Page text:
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July 29, 2011


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Francis Lincoln Mercury perhaps?

No, that was Dick Niles. Francis Ford moved across the river.

Hello Allan:
You are right. It was "originally" Francis Lincoln / Mercury.
If you look at the picture you can see the yellow front fender of a '56 Lincoln in the show room. Also note the several Mercury's parked around the building.
When the new 1956 Lincoln Continental Mark II came out, I went to see it at this dealership.
As time went on I seem to remember it becoming Francis Ford and then perhaps Dan Niles Ford? I will rely on Steven Gann being correct about that, but I do know at one time it was Francis Lincoln / Mercury.
Tom Murphy

If you look at the spinning sign, it says Lincoln. Later they moved to Hawthorne and Grand as Francis Ford. Cubby O'brien was a car shagger back in the day

Right down the street from Bob Brown Oldsmobile, Fields Chevrolet and "beep beep Jarvis Jeep"

today that is the citizens branch of USBank I believe...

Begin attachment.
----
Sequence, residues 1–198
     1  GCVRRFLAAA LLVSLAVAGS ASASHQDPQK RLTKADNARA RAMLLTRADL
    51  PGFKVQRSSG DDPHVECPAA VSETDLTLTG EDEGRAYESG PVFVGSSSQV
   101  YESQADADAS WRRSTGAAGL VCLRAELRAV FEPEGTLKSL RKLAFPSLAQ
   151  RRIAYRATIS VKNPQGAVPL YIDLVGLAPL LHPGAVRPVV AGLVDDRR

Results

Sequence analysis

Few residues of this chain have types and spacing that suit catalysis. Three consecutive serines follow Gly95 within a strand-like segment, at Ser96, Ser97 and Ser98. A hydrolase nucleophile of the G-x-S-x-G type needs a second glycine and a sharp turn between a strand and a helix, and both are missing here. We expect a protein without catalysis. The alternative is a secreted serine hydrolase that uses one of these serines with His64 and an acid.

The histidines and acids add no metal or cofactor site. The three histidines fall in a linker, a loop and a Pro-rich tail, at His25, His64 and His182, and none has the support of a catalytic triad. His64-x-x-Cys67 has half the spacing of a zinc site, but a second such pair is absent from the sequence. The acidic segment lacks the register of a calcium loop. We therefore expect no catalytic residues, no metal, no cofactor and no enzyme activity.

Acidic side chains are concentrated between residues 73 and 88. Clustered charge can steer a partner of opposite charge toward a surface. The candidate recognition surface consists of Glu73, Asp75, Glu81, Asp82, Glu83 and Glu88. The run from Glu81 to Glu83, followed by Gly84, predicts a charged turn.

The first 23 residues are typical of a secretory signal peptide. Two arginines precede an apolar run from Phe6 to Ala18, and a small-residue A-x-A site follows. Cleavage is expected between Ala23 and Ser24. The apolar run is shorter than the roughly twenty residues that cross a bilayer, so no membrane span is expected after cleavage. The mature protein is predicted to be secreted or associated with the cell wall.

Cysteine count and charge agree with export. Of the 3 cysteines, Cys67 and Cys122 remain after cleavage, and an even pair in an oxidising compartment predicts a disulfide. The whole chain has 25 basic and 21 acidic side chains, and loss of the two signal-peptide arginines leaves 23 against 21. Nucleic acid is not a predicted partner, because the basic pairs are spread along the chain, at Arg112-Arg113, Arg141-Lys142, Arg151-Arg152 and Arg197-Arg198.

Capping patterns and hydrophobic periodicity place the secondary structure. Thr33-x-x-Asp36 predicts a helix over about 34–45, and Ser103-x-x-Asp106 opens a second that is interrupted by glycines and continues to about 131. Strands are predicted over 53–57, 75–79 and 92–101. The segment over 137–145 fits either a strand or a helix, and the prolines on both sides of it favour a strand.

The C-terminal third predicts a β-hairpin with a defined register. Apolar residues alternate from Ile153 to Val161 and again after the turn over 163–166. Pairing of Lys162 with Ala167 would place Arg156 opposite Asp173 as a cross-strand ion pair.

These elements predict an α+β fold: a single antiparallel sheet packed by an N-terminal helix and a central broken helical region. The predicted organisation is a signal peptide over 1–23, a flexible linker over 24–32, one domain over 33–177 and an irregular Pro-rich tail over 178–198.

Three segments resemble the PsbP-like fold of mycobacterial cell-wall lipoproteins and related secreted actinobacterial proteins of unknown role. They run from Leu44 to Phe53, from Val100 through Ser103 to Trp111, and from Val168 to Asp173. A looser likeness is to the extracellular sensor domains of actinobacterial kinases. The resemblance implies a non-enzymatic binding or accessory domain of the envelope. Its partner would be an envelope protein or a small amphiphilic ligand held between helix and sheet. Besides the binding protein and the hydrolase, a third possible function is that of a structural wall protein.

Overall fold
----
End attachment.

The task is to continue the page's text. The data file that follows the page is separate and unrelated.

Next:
Francis Ford was in business for more than 60 years and the timber recession of the early 80's and one of the partners, a crooked bookkeeper took them down. The remaining partner was a great man and I worked for him as the last body shop manager. First other businesses would not accept our P.O.'s then it was cashiers check or cash only. They were trying to obtain a SBA loan to move the facility to Clackamas Town center but we were told the bank was stalling. The truth was they were withholding information. Once they let the cat out of the bag and revealed they had not paid their withholding taxes from their employees checks the bank jerked their credit line and Ford Reps were there to pick up the inventory. They announced about late Morning on the day of their closure that they would be closing that night at 6 PM. An adjuster in my office later that day commented that I was going down with the ship yet I was still there. I replied "there are no jobs out there and the right thing to do is to get all customers' cars out of there. " For had I not done that they would have been locked in there because of the bankruptcy and taxes owed, and who knows when the car owners would get their cars back. So I spent the day calling adjusters and vehicle owners, negotiating with adjusters on how much work had been completed and then called tow trucks to move these cars to other body shops for completion of repairs. I never got so much as a thank you (well I may have got one from the owner partner) but again it was the right thing to do. The closure was the sad end to a rich piece of Portland history.

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